Several weeks of exceptionally heavy rain have brought major flooding to the state of Tamil Nadu in India and devastation to its capital of Chennai, India's fifth largest city. Known as Madras until 1996, Chennai is a rapidly growing boom town on the coast of the Bay of Bengal, with a metropolitan area that houses almost 6 million people. It experiences exceptionally heavy rainfall and flooding every few years, so why has the recent episode been so destructive?
Aerial view of Chennai, November 2015 (Source: Veethika)
Chennai is celebrated as a major cultural and educational center, has become a significant destination for tourists, and was recently identified by Lonely Planet as the ninth-best cosmopolitan city in the world. It is also southern India's largest industrial and commercial center, a major IT hub, and known as the "Detroit of India" because of its extensive automobile industry. Chennai was recently ranked India's fourth-largest economy and boasts the third-highest GDP per capita.
The city is located on a low-lying coastal plain. Its highest point rises to 60 meters (200 ft.), but many of its neighborhoods are at sea level and its average elevation is only around 6.7 meters (22 ft.). The average annual rainfall in and around the city is about 140 cm (55 in.), and most of it is associated with the monsoon winds that blow from mid-October to mid-December. The region experiences particularly heavy precipitation every few years, but the rainfall over the last few weeks, blamed on severe low pressure formations in the Bay of Bengal, has been the heaviest in decades. Three times as much rain as normally expected fell in November, with 121.9 cm recorded in Chennai (Skymet data), and 37.4 cm fell on December 1 alone—the highest recorded daily total for a century.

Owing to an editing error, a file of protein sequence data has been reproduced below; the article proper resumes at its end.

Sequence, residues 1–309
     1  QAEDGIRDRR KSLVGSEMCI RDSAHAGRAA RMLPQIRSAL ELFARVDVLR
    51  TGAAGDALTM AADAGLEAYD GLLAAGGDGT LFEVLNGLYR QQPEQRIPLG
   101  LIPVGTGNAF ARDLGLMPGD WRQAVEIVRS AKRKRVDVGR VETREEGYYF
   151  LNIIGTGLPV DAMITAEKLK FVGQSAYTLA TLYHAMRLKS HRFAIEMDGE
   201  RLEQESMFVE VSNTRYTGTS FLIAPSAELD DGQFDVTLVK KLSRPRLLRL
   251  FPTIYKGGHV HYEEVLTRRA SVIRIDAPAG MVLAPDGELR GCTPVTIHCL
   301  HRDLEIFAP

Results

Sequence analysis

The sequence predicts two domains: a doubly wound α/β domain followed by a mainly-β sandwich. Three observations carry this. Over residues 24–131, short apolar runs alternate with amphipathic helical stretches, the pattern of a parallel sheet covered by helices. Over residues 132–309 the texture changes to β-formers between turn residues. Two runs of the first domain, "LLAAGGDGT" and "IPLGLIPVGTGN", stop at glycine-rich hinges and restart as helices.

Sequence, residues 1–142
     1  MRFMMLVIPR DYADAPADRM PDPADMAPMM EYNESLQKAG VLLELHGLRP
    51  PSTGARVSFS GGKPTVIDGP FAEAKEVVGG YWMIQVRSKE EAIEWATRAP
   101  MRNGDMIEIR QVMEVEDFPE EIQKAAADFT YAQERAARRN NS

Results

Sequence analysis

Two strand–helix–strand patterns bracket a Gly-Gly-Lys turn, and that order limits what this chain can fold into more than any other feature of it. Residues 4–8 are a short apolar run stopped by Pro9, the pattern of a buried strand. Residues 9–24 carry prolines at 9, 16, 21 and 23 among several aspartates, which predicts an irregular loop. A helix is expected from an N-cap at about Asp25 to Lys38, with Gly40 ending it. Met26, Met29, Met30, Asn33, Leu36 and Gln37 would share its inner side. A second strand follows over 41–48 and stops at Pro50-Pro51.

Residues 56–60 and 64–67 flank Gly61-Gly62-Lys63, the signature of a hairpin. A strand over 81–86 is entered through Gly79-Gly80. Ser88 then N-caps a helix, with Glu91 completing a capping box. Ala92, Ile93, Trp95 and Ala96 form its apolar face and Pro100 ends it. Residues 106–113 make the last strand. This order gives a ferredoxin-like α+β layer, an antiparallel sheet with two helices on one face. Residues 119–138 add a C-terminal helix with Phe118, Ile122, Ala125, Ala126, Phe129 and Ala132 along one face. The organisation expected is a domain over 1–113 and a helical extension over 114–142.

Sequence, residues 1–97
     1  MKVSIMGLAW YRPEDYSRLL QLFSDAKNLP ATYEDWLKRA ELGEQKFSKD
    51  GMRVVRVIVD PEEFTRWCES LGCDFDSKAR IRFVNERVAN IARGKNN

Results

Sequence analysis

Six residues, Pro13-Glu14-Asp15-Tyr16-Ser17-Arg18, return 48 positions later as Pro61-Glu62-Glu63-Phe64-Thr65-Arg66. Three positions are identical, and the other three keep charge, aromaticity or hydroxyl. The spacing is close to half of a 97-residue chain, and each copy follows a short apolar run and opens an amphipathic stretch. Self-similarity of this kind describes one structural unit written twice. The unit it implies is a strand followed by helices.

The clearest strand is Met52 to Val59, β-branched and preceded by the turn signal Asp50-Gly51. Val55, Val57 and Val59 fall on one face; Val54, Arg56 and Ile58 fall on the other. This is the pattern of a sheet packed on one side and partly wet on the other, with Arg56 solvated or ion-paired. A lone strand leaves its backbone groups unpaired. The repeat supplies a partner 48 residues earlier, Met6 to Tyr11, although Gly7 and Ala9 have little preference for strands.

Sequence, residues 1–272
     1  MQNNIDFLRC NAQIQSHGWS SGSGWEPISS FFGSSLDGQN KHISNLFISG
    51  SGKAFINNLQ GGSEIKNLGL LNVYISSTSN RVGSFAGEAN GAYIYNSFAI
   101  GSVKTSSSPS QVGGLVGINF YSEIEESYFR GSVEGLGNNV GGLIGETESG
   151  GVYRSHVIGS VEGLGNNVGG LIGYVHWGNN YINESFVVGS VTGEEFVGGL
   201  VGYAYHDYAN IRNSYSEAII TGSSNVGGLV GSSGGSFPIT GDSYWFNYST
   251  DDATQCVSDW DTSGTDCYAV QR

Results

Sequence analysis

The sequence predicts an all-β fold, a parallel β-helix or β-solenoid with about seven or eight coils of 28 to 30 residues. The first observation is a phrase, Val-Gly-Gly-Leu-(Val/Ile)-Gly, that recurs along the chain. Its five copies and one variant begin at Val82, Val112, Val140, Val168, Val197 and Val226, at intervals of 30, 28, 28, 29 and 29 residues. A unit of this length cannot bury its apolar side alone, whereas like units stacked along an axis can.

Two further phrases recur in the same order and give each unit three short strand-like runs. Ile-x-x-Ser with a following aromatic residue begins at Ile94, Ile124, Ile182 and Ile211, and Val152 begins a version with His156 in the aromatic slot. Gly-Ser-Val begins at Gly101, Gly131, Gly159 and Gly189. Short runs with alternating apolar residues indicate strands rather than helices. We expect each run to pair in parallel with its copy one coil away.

Flooding in Chennai, December 2, 2015 (Source: Destination 8 infinity)
Flooding invariably accompanies such heavy precipitation, but the hazard is becoming increasingly serious in Chennai. The rapid growth of the city places much more property and infrastructure at risk and reduces the area's natural capacity for coping with extreme rainfall. Rapid urbanization has led directly to shrinkage of the bodies of water and wetlands in and around the city that have hitherto provided a natural flood control barrier.
The storage capacity of 19 lakes in the area has dwindled as they have shrunk from 1,130 hectares to barely 645 hectares, according to the Water Resources Department (WRD). Maduravoyal Lake, for example, now covers 25 acres but used to cover 120, and the largest mall in Chennai is located on a the bed of a former lake. Water from a 250 km2 catchment drains into the Pallikaranai marshlands, which once extended to about 50 km2 are only a tenth as large today; just 4.3 km2 has escaped suburban development. Most bodies of water within the city have vanished and much of the drainage system isn't functional. Creeks and culverts are blocked with garbage and silt, and canals and rivers have been compromised.
Fortunately the rains have let up and the flooding is now receding, most of the city has power restored, the airport is open again, and busses are running once more. The current flooding has dramatically highlighted the rapidly growing amount of property at risk in Chennai, the shortcomings of its inadequate civic infrastructure, and its disappearing natural drainage. Hopefully recent events will serve as a call to action, and future extreme rainfall in the area will encounter a much more resilient city.